Tech Tuesday: End of Year Scams

Welcome to the Oregon FBI’s Tech Tuesday segment. Today: Building a digital defense as we close out 2021.

You managed to navigate the holiday season, and you have almost made it to the new year. There are just a few last-minute things you need to watch out for.

First up – charity fraud. You have until the 31st to make those end-of-yeardonations to charities so that you can claim the deductions on this year’s taxes. 

Charity scams can come to you in many forms: emails, social media posts, crowdfunding platforms, cold calls, or even text messages. Always use caution and do your research.

  • Give to established charities or groups whose work you know and trust.
  • Be aware of organizations with copycat names or names similar to reputable organizations.
  • Check the charity’s track record on the Federal Trade Commission's website.
  • Give using a check or credit card. If a charity or organization asks you to donate through cash, gift card, virtual currency, or wire transfer, it's probably a scam.

Moving on – there are two more end-of-year concerns we want to warn you about. The first is payroll or benefit fraud. Employees may not be surprised to get a notice, purportedly from HR, to log into and check their online accounts as we hit the calendar change from one year to the next. As soon as the employee clicks on the conveniently-provided bad link, malware downloads to the system, and the bad actor now has access to your employee’s personal and financial info.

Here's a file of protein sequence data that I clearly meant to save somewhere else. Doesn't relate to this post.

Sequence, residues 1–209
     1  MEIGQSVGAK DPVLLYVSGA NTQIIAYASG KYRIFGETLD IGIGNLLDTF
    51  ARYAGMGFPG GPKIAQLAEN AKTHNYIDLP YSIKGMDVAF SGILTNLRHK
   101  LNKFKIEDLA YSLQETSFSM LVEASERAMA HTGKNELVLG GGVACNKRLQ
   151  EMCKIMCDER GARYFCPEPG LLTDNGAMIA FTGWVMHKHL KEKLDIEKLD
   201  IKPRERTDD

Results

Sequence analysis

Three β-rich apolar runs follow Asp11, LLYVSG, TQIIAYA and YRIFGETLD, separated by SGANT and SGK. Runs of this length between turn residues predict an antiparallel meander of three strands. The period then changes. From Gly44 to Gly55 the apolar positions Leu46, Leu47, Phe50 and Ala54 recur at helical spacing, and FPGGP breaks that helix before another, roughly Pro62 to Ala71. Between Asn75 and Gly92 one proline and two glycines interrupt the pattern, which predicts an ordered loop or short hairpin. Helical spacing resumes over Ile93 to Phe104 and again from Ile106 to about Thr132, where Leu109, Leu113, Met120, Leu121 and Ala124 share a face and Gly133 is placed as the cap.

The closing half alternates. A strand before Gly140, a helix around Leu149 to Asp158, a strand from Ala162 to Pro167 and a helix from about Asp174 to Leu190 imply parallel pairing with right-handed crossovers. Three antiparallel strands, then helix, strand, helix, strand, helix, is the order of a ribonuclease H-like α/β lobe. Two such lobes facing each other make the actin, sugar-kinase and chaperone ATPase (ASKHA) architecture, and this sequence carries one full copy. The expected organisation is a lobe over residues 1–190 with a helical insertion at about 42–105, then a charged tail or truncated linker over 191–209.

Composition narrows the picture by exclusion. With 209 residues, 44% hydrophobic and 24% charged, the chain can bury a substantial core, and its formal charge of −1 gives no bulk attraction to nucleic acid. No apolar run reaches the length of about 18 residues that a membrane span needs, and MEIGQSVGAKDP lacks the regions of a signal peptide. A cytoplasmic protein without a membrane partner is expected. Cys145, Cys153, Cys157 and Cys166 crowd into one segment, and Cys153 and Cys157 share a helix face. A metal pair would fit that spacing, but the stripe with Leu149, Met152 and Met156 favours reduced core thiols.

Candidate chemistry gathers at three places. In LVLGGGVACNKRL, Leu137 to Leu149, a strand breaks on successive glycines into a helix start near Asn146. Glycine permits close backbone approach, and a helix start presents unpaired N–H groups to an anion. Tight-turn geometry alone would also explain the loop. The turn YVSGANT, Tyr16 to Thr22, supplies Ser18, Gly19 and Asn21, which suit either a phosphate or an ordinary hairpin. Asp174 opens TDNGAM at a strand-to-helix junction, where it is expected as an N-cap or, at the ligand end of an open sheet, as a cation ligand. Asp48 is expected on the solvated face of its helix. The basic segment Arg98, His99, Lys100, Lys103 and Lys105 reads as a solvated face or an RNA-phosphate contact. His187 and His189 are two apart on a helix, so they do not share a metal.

The second concern involves the payroll office itself. As your finance staff is preparing end-of-year reports, they may receive a bogus email – allegedly from the IRS – asking for Social Security numbers, bank account information, and the like.

In both cases, the best defense is a strong offense:

  • Train your employees to never click on links or attachments. 
  • Train employees to never give out log-in credentials or personally identifying information in response to any email.
  • Direct employees to forward suspicious requests for personal information to the IT or HR department.
  • Ensure that log-in credentials used for payroll purposes differ from those used for other purposes, such as employee surveys.

That wraps it up for this year. Have a great and safe New Years. 

And, as always, if you are the victim of this or any other online scam, you should report the incident to the FBI’s Internet Crime Complaint Center at www.ic3.gov or call your FBI local office. 

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